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In a larger view of the novel

In a larger view of the novel - , .Asoldasheis,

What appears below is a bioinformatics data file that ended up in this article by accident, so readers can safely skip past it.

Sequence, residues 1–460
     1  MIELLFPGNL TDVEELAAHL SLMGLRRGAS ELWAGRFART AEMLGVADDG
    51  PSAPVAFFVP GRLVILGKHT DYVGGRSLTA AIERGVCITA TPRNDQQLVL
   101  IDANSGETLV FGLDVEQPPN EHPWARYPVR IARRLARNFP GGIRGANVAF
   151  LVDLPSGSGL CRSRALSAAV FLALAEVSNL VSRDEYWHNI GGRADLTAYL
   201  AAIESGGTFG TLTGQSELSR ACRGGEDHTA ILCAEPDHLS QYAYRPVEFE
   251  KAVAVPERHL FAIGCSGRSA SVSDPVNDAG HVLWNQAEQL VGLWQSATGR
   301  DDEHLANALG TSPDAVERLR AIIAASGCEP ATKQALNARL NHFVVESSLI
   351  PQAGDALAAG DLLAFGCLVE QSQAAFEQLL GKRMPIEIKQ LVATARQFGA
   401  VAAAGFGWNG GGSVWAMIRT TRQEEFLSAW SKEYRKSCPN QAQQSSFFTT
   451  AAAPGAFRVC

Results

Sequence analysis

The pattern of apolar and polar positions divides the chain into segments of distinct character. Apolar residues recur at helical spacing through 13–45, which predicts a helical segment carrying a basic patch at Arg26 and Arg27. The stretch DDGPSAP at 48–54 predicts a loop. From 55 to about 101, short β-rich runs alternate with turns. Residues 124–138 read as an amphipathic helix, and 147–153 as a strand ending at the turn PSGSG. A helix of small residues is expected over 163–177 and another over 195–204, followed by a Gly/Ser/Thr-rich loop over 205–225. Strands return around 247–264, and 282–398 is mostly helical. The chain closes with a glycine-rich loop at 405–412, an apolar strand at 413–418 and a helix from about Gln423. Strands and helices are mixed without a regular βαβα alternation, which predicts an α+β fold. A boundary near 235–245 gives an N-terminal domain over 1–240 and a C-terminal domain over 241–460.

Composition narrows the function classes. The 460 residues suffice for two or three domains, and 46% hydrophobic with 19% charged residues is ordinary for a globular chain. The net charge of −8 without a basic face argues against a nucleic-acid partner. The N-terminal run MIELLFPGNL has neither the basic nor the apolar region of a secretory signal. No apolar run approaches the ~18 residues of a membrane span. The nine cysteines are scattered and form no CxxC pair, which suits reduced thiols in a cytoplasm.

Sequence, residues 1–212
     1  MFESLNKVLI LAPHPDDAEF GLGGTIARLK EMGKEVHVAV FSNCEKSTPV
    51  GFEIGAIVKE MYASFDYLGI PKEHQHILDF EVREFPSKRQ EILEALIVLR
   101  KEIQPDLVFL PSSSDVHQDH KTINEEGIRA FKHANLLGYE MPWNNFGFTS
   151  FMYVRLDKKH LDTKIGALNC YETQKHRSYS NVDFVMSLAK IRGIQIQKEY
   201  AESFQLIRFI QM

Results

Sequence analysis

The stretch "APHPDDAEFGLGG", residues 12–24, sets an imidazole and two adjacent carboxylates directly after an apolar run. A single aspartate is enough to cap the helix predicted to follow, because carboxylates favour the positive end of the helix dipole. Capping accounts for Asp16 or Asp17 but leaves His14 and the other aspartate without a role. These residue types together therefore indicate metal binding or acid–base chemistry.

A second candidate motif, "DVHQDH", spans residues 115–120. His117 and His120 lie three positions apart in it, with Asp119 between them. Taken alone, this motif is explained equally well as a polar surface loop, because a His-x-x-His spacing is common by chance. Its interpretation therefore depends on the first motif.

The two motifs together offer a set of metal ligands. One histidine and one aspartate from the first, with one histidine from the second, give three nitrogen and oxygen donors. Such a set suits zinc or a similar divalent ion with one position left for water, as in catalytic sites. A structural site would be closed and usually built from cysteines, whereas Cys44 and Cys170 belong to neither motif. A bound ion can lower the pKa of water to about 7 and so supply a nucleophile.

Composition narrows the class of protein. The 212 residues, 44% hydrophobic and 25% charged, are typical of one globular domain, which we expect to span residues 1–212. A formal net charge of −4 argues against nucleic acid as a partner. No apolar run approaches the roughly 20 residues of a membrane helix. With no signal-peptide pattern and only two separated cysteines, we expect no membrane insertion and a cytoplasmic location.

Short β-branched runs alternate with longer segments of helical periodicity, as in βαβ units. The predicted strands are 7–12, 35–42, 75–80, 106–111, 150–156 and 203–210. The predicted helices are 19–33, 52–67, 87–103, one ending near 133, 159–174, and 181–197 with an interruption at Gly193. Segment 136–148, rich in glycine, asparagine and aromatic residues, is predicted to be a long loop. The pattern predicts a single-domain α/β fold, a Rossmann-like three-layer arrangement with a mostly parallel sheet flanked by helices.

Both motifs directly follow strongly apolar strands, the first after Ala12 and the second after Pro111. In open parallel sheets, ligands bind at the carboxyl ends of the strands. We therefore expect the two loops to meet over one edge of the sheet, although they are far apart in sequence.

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In a larger view of the novel, this chapter then is the beginning of a journey that will carry Kumalo  through all types of new and different experiences. As old as he is, we will watch him develop new  insights into the nature of life and society. One of the dominant motifs throughout the novel is that of the fears each character feels in various  situations. Even the people whom Kumalo meets in his search for his son seem governed by some  type of inexpressible fear. Kumalo leaves on his journey filled with fear and foreboding. In Chapter 4, as in Chapter 1, the landscape plays a symbolic role, for the slag heaps are like a sore  on the land, the product of mines owned by whites. The picture of poverty and disintegration already  shown is broadened here in the conversation of the clergymen, and the consequences of these 
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